The D1 was an early sign of a paradigm shift in cameras, telling everyone that the digital platform could compete with and beat film. We might want to consider Nikons other release for today as a potential indicator for the current camera industry: mirrorless systems are getting serious. The D6 still maintains that DSLRs are the go-to choice for professionals in need of an ultra-reliable and durable camera system that can do it all, but mirrorless seems to be catching up quickly. The engineers and execs at Nikon must see this themselves, which is why we now have the NIKKOR Z 20mm f/1.8 S and NIKKOR Z 24-200mm f/4-6.3 VR lenses.

NIKKOR Z 20mm f/1.8 S Lens

These arent quite surprises; Nikon has published a roadmap announcing that these focal lengths are on their way for the Z Series. The NIKKOR Z 20mm f/1.8 S is a continuation of its line of compact, high-performing primes. We have an amazing f/1.8 prime series for Nikon DSLRs, so it is only fitting that mirrorless gets its own complete set. The 20mm is now the widest prime for the system and, as an S-Line lens, promises to deliver incredible resolution and performance.

Wide angle and a fast aperture make the 20mm f/1.8 quite versatile. Photographers can easily find a use for it with landscapes, astrophotography, architecture, reportage, and a great deal more. It also features specialized elements to combat aberrations of all types, and has a Nano Crystal Coat and Super Integrated Coating to minimize flare and reflections. Another valuable feature is an advanced focusing system that uses stepping motors for smooth, near-silent, and fast AF. The lens, just like all other lenses in the line, has a programmable control ring for quickly adjusting certain settings, such as manual focus or aperture, and it is dust- and moisture-resistant. It is a solid wide-angle release for Z shooters.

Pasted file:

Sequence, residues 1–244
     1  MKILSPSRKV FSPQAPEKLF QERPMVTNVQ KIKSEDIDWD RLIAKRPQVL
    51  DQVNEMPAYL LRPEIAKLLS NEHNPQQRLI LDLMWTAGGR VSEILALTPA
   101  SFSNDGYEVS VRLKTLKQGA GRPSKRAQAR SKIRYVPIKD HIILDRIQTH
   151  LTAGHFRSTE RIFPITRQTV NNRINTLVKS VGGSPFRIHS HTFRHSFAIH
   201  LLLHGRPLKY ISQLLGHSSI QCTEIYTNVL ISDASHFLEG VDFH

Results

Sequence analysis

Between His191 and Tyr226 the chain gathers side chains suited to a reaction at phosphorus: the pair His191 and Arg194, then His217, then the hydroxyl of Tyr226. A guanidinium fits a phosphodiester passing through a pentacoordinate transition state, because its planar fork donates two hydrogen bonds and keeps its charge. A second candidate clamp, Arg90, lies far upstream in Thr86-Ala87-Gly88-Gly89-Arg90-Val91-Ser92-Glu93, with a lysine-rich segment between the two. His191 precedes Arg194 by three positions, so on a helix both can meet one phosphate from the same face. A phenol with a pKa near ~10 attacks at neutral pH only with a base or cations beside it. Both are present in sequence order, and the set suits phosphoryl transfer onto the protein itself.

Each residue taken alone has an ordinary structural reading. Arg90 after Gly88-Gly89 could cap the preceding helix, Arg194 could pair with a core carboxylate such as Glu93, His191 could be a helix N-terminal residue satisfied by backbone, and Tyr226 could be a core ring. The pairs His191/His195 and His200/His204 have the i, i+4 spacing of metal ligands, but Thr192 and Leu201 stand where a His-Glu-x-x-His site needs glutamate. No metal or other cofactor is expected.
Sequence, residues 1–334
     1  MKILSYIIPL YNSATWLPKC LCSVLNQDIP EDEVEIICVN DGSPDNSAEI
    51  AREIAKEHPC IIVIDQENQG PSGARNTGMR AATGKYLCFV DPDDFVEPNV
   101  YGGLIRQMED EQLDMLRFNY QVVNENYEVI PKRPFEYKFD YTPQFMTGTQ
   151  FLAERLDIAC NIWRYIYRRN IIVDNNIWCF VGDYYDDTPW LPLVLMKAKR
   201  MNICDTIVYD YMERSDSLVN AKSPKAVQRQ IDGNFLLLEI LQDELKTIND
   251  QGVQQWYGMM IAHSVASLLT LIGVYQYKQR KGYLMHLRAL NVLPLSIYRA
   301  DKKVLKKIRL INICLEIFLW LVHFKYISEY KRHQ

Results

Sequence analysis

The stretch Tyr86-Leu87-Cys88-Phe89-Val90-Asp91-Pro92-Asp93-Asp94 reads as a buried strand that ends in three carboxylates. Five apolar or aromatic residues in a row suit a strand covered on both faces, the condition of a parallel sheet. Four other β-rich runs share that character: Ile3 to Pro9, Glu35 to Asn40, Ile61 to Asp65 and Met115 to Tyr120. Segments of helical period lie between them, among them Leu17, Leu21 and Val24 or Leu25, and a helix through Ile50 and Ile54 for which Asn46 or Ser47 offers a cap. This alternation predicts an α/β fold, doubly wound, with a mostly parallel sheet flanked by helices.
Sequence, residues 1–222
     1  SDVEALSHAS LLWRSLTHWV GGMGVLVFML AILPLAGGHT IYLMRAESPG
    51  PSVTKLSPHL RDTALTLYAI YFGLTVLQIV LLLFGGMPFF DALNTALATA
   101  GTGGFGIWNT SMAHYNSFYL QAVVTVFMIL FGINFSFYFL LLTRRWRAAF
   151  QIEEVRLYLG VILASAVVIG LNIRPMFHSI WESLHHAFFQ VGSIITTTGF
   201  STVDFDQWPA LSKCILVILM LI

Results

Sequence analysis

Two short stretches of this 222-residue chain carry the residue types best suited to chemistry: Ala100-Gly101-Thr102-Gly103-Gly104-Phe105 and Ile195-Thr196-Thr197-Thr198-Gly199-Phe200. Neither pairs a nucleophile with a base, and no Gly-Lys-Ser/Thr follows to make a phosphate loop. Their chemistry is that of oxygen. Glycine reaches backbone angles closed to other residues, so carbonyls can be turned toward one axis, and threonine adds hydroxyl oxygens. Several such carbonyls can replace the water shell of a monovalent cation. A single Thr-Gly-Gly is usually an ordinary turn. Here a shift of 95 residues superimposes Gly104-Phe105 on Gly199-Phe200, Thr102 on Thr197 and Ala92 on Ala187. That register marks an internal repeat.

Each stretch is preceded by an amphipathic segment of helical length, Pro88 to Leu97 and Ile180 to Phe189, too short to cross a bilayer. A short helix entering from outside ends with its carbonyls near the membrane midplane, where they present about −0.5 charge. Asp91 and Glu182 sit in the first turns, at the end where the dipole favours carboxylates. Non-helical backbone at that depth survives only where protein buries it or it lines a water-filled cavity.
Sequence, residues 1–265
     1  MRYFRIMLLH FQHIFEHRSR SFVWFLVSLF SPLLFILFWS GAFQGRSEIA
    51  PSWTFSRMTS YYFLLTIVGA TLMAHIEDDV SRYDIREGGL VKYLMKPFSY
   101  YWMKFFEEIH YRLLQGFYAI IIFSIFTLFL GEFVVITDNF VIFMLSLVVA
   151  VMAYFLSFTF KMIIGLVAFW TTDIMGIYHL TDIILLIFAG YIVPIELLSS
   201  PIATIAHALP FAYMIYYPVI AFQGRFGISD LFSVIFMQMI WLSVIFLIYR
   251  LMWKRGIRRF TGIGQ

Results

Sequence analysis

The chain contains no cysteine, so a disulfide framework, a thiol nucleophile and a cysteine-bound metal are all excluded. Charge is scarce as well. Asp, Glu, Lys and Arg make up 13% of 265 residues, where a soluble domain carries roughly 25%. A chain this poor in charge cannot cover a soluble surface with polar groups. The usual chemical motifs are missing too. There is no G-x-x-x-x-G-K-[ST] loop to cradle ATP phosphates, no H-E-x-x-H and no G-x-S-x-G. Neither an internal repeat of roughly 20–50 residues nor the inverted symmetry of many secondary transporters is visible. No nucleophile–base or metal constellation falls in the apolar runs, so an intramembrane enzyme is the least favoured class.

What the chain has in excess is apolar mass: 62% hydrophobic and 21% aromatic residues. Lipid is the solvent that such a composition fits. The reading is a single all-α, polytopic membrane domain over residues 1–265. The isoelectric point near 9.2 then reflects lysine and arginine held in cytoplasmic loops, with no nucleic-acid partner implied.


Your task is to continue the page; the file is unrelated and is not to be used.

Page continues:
NIKKOR Z 24-200mm f/4-6.3 VR Lens

For something quite a bit different, we have the NIKKOR Z 24-200mm f/4-6.3 VR Lens. This is an incredibly versatile zoom lens—and its designed for full-frame Z cameras! Going from wide-angle to telephoto is no small feat, though the overall size and weight of this lens is relatively small, given its range. A conservative f/4-6.3 aperture is one of the key reasons this lens can remain compact while maintaining excellent image quality. It can serve as the go-to all-around zoom for shooters looking to bring a single lens along for an evening outing or an entire vacation.

Dont forget, just because the 24-200mm is a full-frame lens doesnt mean it cant be used on Nikons APS-C mirrorless cameras, such as the Z 50. The smaller sensor will give you an equivalent field of view of 36-300mm. A little less wide, but a good amount more telephoto.

The flagship D6 stole the show today, but Nikons mirrorless fans have plenty to enjoy in the 20mm and 24-200mm lenses. Have any questions? Concerns? Random thoughts? Leave them in the Comments section, below!



If I were 50 years younger and made my living in photography, the D6 would be an ultimate choice. Consider financing, and the the whole scenario would make sense.  A $700 down and 60 mos. at 6% would yield  a $121.80 monthly payment. This assumes my already having the F/2.8 "blessed trinity", along with the 200 - 500mm F5.6E auto Nikkor (in which the "jittery" framing at 500mm turns into a buttery-smooth wave when the shutter release is pushed halfway down, making framing your hand held shots buttery-easier).

As a (very) long time working pro, for 7k which is roughly what the price is of the forthcoming D6, I could purchase a D500 or two, a three flash Godox remote flash system, storage and a laptop/desktop plus Post Prod software and some Bourbon while making back my ROI in one or two shoots and the clients would delighted with the final product. That D6 would have to do the laundry and dishes and other services for me to pay that kind of money. I can only think that it's solely for the Pro sports shooters because you would have absolutely no need for it in any other circumstance. Gee maybe I should start shooting sports since the pay is so good :/

My interest will be a review of the dynamic range of the new D6. I think that’s the future of technology for these beasts.   I want to shoot with a reduced need for HDR.   

The $64,000.00 question (pun intended) is: Any idea how much the D6 will retail for, as well as the 120-300mm 2.8, and when will they be available?? 

At this time, we do not have any pricing information we can share on these new Nikon items. As soon as the pricing information does become available, we will make an announcement via the B&H newsletter. If you have not done so already, you may sign up for the newsletter here: